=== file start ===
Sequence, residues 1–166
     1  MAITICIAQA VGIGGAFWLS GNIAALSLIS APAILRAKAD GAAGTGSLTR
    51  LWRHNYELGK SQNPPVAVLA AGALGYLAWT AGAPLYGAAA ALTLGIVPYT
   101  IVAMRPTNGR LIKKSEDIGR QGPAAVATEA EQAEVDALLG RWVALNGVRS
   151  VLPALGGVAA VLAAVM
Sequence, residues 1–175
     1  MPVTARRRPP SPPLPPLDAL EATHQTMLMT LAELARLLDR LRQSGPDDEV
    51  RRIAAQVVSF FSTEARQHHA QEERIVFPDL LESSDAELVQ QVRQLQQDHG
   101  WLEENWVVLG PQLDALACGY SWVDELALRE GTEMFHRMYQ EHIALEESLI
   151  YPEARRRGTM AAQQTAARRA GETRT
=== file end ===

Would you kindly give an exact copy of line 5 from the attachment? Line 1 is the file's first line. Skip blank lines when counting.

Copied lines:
   151  VLPALGGVAA VLAAVM